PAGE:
Welcome to a/symmetric, our weekly newsletter. Each week, we bring you news and analysis on the global industrial contest, where production is power and competition is (often) asymmetric. To receive issues over email, subscribe here.

This week:

  • China is making a dent on foreign tech imports, helped both by increased R&D spending and “poor man’s innovation.”
  • Weekly Links: German robotics, Hong Kong’s tech investments, and an industrial strategy for Britain.

How much foreign tech has China replaced?

Nearly a decade ago, China set the goal of becoming a “manufacturing superpower” by 2025, and an “innovation superpower” by 2050.

Implicit in those ambitions is the desire to be at the global forefront of science and technology, and by extension increasing other countries’ reliance on it while reducing its own dependence on foreign tech and know-how.

How is it doing in pursuit of those goals?

Catch up and supersede

On manufacturing, China’s strength in key industrial sectors is hard to dispute. But it’s not resting on its laurels. Though China already dominates strategically important industries, Beijing sees plenty of work ahead for cementing and extending that lead.

Consider the “manufacturing superpower development index,” a useful indicator of how China views its manufacturing prowess relative to other leading countries.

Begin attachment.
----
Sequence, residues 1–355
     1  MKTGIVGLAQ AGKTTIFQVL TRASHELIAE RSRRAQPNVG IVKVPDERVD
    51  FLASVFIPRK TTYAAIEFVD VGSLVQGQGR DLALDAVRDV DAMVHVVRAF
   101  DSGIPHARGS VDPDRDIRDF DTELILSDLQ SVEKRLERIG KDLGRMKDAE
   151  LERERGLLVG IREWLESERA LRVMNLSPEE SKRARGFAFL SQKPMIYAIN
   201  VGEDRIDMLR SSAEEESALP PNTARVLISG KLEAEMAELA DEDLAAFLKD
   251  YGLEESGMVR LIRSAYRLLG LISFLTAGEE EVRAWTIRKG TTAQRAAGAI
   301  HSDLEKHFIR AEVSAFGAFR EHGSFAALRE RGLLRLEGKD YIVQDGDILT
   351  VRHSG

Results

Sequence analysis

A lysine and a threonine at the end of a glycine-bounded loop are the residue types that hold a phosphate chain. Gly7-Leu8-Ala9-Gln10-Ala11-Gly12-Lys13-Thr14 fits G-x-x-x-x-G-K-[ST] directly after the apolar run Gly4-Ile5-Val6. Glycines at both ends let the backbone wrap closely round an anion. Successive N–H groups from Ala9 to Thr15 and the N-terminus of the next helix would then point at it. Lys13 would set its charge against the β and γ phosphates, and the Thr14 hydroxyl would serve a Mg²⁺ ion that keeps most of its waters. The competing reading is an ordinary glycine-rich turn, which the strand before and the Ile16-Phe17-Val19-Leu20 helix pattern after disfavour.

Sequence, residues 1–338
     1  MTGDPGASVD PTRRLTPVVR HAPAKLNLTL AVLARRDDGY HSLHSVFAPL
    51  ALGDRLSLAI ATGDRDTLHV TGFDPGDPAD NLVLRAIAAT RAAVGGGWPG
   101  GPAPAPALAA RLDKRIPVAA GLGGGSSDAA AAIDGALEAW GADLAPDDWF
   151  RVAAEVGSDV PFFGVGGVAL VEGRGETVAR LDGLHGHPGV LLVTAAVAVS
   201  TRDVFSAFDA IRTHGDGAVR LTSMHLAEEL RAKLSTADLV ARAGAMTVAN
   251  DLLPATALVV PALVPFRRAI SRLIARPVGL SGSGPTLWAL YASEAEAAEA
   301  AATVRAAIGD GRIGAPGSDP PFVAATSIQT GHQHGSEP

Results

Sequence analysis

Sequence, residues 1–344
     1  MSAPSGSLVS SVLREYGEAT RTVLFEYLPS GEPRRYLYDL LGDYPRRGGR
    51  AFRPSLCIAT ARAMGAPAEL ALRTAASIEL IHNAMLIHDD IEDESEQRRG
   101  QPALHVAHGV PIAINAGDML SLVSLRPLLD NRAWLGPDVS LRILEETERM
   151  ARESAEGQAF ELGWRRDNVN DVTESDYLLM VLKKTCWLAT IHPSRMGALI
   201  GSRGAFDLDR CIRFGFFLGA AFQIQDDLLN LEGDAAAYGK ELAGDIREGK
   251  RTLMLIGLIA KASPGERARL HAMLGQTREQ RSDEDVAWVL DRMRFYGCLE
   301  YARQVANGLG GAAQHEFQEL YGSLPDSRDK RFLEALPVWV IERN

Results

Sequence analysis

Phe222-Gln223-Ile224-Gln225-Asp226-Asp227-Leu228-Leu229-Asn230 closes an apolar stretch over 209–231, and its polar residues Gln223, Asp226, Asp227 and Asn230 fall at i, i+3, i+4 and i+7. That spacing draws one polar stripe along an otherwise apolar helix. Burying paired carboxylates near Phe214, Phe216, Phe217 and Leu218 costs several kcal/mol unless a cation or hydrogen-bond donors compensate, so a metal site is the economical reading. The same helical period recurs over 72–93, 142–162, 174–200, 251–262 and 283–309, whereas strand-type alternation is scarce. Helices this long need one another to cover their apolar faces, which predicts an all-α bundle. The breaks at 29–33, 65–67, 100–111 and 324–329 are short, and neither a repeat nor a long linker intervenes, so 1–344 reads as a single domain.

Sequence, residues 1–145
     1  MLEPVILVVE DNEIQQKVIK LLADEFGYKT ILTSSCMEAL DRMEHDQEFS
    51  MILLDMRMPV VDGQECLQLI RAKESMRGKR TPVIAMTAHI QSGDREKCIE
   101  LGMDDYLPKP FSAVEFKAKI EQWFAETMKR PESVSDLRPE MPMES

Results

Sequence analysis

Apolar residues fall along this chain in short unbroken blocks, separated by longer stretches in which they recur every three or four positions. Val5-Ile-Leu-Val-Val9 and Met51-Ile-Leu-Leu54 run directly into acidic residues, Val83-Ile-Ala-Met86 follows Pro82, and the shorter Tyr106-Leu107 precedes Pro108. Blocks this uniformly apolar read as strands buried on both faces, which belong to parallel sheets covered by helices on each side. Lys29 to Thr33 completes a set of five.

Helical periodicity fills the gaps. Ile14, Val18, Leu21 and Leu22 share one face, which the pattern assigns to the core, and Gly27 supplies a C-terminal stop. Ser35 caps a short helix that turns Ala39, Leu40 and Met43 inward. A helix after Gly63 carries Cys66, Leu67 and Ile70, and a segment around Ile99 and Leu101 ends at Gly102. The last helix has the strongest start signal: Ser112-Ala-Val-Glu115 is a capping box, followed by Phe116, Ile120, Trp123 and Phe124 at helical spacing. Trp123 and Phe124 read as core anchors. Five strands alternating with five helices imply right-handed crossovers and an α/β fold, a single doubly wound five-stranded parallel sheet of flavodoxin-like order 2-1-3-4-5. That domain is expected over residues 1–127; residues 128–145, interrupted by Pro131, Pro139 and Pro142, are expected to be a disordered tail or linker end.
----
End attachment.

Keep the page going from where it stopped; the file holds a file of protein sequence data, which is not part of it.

Developed by the Chinese Academy of Sciences and the Ministry of Industry and Information Technology, the index shows China in fourth place globally as of 2022, catching up to Germany and Japan but still lagging considerably behind the US.

The index’s various components and their respective weightings are also indicative of Beijing’s view on what it takes to be a manufacturing superpower.

Notably, one of the most important factors is basic industries’ value added as a share of the global total.1 That reflects the Chinese government’s enduring prioritization of industrial foundations, and its recognition that even the most cutting-edge technology is often dependent on basic upstream inputs.

Returns on investments in innovation

Innovation can be trickier to quantify.

Output of patents and scientific papers are widely used to measure how innovative a country is. But they don’t fully reflect the quality of innovation, or how that innovation is applied. Nor do they reflect the types of innovation not captured by patents or journal articles.

While no single indicator is perfect, another measure we might turn to is China’s imports and exports of high-tech products.

Until 2002, China spent more on high-tech imports than it made on high-tech exports. That changed in 2003 — just as China made what has been described as “a dramatic return to ‘techno-industrial policy’” involving direct state interventions in specific industries.

It was also right around this time that Beijing began promoting “indigenous innovation” as central to a 15-year science and technology plan it launched in 2006. Domestic R&D spending rose dramatically.